These features also add structure and progression to the app, as users are guided through a series of steps that provide a roadmap for their journey. Having different types of challenges and quests in your product will make sure that dull and uninspiring experiences become exciting and purpose-driven adventures.


Gaming has taught design a great way to foster healthy competition and collaboration among users. I’m of course referring to leaderboards, one of the key elements of game design, that has now become a common feature of UI design.

Visual representations of rankings, points earned and other stats related to performance creates a competitive environment that motivates users and often results in higher engagement. Having an emphasis on the rank changes instead of showing rankings will be more appealing to users. Remember that having a leaderboard in gamified apps should only be a media for competition rather than the purpose of your app.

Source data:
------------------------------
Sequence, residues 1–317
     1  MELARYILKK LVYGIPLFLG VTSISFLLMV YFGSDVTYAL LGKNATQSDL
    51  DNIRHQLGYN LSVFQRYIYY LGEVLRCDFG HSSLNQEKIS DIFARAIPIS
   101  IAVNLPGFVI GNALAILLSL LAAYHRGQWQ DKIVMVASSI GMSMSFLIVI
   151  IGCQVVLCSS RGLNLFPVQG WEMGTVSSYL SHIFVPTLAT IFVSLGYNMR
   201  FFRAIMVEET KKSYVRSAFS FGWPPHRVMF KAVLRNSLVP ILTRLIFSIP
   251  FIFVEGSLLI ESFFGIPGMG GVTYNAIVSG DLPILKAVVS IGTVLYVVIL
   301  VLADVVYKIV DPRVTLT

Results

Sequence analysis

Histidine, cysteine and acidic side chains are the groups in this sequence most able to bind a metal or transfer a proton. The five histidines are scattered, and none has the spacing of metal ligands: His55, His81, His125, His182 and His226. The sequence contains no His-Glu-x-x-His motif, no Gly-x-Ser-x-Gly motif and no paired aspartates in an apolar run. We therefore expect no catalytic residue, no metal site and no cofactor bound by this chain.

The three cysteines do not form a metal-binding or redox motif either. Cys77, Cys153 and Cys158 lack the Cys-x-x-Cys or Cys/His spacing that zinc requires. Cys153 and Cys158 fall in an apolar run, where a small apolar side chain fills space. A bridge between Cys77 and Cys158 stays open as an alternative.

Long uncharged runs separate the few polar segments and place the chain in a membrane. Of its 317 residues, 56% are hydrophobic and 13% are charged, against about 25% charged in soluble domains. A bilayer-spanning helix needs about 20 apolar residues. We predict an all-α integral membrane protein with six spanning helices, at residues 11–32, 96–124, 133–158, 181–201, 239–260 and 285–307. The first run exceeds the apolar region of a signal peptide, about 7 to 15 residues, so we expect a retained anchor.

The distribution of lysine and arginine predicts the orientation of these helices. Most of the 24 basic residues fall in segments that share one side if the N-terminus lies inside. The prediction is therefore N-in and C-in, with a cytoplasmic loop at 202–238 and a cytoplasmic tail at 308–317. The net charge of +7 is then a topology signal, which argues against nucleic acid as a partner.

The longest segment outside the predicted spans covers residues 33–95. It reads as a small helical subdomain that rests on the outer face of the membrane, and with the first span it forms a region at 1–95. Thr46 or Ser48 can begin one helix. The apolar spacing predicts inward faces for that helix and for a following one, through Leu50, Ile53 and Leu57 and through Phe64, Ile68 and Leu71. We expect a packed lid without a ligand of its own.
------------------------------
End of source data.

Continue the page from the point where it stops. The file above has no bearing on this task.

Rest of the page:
Should You Gamify Your App?

In conclusion, we will once again underline gamification’s essential role to boost both user engagement and promote a more enjoyable experience in UI design. However, as with anything, it shouldn’t be overused, or, even worse, abused.

To ensure a smooth and successful integration of gamification into your UI, make sure to do a thorough evaluation of the extent and type of gaming elements that your app needs. Quite often, those depend on factors such as purpose and target audience, and it’s fundamental that they align with the goals of the app and provide value to the user.

While adding many gamification features to your UX is certainly tempting, one should not forget that its overuse can ultimately do more harm than good. A thoughtful assessment of the extent of gamification necessary will prevent you from making the mistake of over-gamifying your product, ensuring that the game-like elements that you do include have a beneficial impact to the overall user experience.

. . .

Elsa Djohan Avatar

Elsa Djohan / Visual Designer @ Phase

Designing dreams part-time with a full-time passion for giraffes and creativity.